Belfast Telegraph

Wednesday 30 July 2014

KPL Contracts: 200 jobs lost

The firms works in diverse areas, including streetlighting and wind farms

Over 200 workers have been made redundant one day after a major contractor went into administration despite its roll-call of household name clients.

KPL Contracts in Dungiven, Co Londonderry, blamed "acute cashflow pressure" for the decision to call in PwC as administrators.

The firm had 202 direct employees but also works with 150 sub-contractors in water, electricity, telecoms and public lighting.

But its diversification into housebuilding, including purchase of a large bank of development land in Ballyclare, Co Antrim, some years ago for a reported £55m, is understood to have created difficulties for the firm.

Pwc today confirmed that efforts to save the business had been unsuccesful and all 202 employees had lost their jobs.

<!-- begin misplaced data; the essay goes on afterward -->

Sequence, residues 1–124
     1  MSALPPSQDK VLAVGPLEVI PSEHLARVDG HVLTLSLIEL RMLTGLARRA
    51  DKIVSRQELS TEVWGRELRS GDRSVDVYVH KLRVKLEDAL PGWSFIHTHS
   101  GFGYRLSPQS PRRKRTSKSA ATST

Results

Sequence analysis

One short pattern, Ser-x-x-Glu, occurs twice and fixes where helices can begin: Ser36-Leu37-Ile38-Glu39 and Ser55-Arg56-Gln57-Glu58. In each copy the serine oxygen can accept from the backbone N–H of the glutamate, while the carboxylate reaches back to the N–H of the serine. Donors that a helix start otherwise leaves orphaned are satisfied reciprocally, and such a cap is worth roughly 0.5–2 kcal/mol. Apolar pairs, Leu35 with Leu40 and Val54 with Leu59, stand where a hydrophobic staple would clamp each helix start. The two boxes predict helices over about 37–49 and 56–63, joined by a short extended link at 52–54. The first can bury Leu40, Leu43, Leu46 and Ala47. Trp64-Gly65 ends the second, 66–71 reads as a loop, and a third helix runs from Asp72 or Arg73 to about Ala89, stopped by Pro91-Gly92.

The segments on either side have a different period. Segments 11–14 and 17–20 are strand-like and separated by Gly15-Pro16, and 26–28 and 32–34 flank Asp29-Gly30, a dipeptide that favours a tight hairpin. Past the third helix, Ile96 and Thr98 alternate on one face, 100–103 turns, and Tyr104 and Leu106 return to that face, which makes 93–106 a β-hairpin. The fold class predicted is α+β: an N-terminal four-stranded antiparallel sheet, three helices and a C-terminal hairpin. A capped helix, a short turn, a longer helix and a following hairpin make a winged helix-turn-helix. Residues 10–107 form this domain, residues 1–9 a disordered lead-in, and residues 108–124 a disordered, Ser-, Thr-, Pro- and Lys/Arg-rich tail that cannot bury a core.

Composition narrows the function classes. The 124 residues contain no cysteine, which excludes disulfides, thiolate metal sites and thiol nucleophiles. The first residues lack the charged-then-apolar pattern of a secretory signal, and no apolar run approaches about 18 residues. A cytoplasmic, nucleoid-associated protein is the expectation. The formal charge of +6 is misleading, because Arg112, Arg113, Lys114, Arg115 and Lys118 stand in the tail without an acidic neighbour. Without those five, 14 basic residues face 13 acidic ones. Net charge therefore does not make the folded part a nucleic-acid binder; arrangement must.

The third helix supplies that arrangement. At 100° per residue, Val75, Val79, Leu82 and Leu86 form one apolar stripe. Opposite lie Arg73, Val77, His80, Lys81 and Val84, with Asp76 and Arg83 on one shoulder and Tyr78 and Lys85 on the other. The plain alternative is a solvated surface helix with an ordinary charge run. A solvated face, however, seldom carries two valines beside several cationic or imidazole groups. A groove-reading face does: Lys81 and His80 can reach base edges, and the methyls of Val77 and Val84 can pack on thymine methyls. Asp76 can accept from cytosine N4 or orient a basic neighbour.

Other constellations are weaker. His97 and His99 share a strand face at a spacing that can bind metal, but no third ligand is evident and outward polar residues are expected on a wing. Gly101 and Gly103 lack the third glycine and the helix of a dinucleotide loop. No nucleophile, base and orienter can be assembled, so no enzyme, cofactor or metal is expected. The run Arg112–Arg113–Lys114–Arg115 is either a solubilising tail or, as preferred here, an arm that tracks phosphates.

KPL managing director Kevin Lynch said yesterday: "For some time we have been in discussions with our lender in order to restructure the company to protect the core contracting business. Despite a restructure of the company's property debt before Christmas, acute cashflow pressure has persisted.

"It is therefore with much regret that we have sought the protection of administration."

The company's latest filed accounts for the 18 months to September 2012 record a £6.4m loss – though the company also states that work with existing customers and new contracts in the Republic and in Scotland "will maintain turnover for the group over the next three years and will help to secure the group's position for the foreseeable future".

FACTFILE

KPL is led by Dungiven man Kevin Lynch, who set up the company nearly 20 years ago when he was just 28. It directly employs 200 people but also works with over 150 subcontractors, including digger drivers, some fully reliant on KPL for work. Mr Lynch is well-respected in the area and is reported to have received a standing ovation from staff after breaking down as he explained the administration to them yesterday. According to Dungiven folklore, he sold his car to buy his first digger.

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